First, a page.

All labor that uplifts humanity has dignity and importance and should be undertaken with painstaking excellence.
-Martin Luther King Jr.
In 2010, I was visiting my sister in Atlanta during Mardi Gras week (our little Louisiana school got the whole week off — think two spring breaks a year!). MAY B. had been on submission for several months but so far hadn’t gotten any bites. Over sushi, Chris asked me what it was about writing that was so important to me. What it was I was trying to do with my words and with this little book in particular.
I told her I wrote because I wanted to honor childhood and extend dignity to children through the work I created.
A few months later, when MAY sold to Random House, Chris told me she’d been thinking about what I’d said. That she knew when I’d told her why I wrote that I’d sell this book, that my words were the kind of thing an author could use to build a career.
I’ve held onto that conversation since then, taken it out to examine when the writing’s been hard and rejection’s been constant (because selling a book or four doesn’t guarantee smooth sailing). It has helped me while drafting, while working through revisions, while giving a book away to the world.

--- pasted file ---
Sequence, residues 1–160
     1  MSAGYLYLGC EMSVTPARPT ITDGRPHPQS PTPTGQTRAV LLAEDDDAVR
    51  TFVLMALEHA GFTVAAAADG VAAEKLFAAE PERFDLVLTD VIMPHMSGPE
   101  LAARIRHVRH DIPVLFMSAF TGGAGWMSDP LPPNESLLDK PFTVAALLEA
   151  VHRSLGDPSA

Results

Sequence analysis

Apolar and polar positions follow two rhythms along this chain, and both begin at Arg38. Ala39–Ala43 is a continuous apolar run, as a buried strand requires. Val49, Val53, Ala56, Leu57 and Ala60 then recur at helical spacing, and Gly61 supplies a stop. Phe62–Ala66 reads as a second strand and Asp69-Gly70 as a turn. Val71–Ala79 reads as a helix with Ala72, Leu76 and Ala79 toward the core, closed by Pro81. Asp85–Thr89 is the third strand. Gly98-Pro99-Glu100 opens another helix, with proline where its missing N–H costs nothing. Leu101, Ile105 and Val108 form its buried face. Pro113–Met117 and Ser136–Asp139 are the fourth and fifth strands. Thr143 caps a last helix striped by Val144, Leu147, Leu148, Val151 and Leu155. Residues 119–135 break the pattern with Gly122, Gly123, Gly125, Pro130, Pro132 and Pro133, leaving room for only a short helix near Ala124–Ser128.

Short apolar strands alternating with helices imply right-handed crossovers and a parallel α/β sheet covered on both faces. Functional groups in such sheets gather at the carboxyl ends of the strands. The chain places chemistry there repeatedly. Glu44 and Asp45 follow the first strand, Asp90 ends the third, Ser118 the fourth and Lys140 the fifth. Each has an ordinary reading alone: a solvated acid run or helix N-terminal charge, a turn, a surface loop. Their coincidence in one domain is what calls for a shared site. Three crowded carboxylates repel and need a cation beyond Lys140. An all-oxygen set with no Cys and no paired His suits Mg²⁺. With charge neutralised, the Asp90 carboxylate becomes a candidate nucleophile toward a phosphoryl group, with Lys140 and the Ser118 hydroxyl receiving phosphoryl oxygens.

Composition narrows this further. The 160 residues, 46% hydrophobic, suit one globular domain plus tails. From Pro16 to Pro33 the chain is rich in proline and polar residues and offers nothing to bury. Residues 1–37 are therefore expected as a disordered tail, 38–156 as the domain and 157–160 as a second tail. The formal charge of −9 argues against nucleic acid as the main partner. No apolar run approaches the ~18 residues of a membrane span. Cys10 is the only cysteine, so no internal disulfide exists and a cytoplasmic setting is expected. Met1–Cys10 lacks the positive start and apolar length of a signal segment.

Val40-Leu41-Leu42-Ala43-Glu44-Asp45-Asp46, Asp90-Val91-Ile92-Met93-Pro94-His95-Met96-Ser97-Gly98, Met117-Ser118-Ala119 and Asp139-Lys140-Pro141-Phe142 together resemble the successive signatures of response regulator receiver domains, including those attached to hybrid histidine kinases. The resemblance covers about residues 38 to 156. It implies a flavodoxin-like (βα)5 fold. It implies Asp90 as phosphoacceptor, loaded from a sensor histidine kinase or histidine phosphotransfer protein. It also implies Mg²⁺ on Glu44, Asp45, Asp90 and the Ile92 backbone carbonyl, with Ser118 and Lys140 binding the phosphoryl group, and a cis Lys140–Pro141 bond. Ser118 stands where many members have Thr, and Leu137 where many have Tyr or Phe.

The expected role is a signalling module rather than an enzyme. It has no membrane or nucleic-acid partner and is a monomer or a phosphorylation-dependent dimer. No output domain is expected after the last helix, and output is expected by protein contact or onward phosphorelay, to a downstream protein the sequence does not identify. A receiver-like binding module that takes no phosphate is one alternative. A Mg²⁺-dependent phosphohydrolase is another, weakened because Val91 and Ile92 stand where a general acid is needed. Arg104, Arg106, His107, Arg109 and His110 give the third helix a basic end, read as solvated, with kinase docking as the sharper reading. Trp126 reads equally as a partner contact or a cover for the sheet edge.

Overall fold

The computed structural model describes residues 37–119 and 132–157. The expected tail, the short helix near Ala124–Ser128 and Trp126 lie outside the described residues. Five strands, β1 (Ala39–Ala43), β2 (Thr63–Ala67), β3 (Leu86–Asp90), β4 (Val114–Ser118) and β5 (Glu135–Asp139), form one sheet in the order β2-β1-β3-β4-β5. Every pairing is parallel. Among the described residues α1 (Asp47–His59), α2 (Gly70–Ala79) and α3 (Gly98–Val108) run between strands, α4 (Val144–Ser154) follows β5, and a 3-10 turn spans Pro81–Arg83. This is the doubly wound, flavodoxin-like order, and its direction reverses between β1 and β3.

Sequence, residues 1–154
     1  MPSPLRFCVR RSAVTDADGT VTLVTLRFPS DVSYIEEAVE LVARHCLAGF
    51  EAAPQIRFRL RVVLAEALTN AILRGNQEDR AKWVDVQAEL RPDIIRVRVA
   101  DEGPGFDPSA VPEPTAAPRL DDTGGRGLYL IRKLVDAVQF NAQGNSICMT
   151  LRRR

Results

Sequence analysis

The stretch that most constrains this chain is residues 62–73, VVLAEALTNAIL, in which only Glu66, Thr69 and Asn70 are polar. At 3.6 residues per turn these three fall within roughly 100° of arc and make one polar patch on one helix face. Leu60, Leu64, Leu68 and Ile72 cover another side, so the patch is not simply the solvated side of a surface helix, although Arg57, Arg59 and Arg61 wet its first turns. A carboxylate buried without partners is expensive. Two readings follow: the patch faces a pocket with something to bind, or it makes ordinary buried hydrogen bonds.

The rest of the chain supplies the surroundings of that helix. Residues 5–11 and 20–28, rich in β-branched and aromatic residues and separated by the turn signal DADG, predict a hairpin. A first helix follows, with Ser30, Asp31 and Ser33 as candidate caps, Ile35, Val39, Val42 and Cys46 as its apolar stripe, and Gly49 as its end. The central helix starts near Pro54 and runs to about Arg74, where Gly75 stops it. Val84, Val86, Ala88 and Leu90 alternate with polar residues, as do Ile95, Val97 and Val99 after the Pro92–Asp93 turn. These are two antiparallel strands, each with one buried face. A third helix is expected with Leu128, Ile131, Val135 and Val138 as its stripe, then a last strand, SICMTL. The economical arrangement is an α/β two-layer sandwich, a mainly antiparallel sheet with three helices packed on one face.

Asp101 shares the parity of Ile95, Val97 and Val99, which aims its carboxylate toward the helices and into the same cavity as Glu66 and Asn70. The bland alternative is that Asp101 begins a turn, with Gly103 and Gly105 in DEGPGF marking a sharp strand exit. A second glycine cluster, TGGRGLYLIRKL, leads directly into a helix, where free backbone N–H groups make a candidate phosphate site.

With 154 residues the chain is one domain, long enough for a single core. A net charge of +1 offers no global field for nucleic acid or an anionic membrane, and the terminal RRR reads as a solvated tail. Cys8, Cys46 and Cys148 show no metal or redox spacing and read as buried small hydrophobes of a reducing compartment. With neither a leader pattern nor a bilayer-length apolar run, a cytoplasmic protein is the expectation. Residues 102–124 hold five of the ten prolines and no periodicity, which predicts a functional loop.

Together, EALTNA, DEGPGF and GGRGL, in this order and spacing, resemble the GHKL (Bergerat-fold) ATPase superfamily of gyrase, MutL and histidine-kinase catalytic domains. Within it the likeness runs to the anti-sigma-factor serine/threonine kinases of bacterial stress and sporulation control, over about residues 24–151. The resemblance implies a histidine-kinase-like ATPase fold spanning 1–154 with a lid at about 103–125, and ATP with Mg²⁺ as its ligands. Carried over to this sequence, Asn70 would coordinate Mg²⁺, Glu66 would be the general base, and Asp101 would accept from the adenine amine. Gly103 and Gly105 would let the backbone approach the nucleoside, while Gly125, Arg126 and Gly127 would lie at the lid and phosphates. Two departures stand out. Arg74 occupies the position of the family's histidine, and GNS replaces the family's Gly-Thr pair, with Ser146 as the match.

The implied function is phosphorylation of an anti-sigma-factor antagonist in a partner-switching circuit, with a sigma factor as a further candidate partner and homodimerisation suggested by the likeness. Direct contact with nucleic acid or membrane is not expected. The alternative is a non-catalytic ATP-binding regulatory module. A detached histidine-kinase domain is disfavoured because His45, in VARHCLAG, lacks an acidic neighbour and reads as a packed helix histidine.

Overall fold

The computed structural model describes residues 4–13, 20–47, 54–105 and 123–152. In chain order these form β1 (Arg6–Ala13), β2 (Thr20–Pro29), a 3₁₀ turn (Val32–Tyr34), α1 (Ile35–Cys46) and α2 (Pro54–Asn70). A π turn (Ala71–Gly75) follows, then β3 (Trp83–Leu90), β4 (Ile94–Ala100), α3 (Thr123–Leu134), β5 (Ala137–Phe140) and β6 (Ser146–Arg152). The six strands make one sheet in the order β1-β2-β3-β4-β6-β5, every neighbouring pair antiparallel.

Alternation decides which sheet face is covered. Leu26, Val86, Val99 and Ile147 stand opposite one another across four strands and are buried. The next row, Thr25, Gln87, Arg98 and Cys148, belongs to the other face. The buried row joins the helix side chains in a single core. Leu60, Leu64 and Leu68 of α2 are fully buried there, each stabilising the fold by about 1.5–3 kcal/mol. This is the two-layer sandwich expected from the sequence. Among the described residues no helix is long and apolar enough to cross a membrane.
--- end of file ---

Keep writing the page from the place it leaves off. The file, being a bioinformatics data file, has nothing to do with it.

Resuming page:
It’s given me purpose when things haven’t come together as I’d hoped. When things have disappointed or surprised me in unexpected ways.
My Bible study group is currently reading Tim Keller’s EVERY GOOD ENDEAVOR, a book about what it means to work and how we might honor God through the work* that we do. I loved the story I read there about a man who runs a fruit preserves business and aims to “mak[e] beautiful things of enduring value.”
Just how long does a jar of preserves last? Not as long as a book is displayed on shelves. Even shorter than a title might stay in print. Yet what this man makes is beautiful and is of enduring value because of the way he approaches his work.
Since reading his story, I’ve added to what I want my own work to do. Why do I write? Because I want to honor childhood, extend dignity to children, and make beautiful things of enduring value.
What about you? I would love to hear how you define the purpose of your work.
* Work doesn’t only mean a job or career but any long-term task before us.